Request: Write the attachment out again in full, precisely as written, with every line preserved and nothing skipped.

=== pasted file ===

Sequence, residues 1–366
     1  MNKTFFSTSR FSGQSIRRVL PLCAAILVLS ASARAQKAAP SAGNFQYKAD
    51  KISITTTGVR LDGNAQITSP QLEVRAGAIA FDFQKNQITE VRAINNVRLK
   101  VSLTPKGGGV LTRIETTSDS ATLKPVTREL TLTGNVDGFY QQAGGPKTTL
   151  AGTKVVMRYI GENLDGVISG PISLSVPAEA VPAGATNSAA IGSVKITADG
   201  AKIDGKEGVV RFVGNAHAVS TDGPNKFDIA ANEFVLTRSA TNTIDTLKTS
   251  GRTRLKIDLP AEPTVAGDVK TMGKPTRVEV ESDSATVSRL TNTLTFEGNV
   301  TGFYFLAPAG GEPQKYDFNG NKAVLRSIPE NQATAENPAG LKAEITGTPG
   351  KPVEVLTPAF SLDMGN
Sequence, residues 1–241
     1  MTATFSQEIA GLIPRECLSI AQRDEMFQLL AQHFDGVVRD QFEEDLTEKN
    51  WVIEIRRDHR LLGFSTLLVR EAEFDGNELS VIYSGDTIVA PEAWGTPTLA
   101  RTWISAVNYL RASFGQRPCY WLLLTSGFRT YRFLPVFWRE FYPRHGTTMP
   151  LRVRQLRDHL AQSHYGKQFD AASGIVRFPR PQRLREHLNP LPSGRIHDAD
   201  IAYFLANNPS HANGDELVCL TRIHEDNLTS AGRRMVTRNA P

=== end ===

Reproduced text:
Sequence, residues 1–366
     1  MNKTFFSTSR FSGQSIRRVL PLCAAILVLS ASARAQKAAP SAGNFQYKAD
    51  KISITTTGVR LDGNAQITSP QLEVRAGAIA FDFQKNQITE VRAINNVRLK
   101  VSLTPKGGGV LTRIETTSDS ATLKPVTREL TLTGNVDGFY QQAGGPKTTL
   151  AGTKVVMRYI GENLDGVISG PISLSVPAEA VPAGATNSAA IGSVKITADG
   201  AKIDGKEGVV RFVGNAHAVS TDGPNKFDIA ANEFVLTRSA TNTIDTLKTS
   251  GRTRLKIDLP AEPTVAGDVK TMGKPTRVEV ESDSATVSRL TNTLTFEGNV
   301  TGFYFLAPAG GEPQKYDFNG NKAVLRSIPE NQATAENPAG LKAEITGTPG
   351  KPVEVLTPAF SLDMGN
Sequence, residues 1–241
     1  MTATFSQEIA GLIPRECLSI AQRDEMFQLL AQHFDGVVRD QFEEDLTEKN
    51  WVIEIRRDHR LLGFSTLLVR EAEFDGNELS VIYSGDTIVA PEAWGTPTLA
   101  RTWISAVNYL RASFGQRPCY WLLLTSGFRT YRFLPVFWRE FYPRHGTTMP
   151  LRVRQLRDHL AQSHYGKQFD AASGIVRFPR PQRLREHLNP LPSGRIHDAD
   201  IAYFLANNPS HANGDELVCL TRIHEDNLTS AGRRMVTRNA P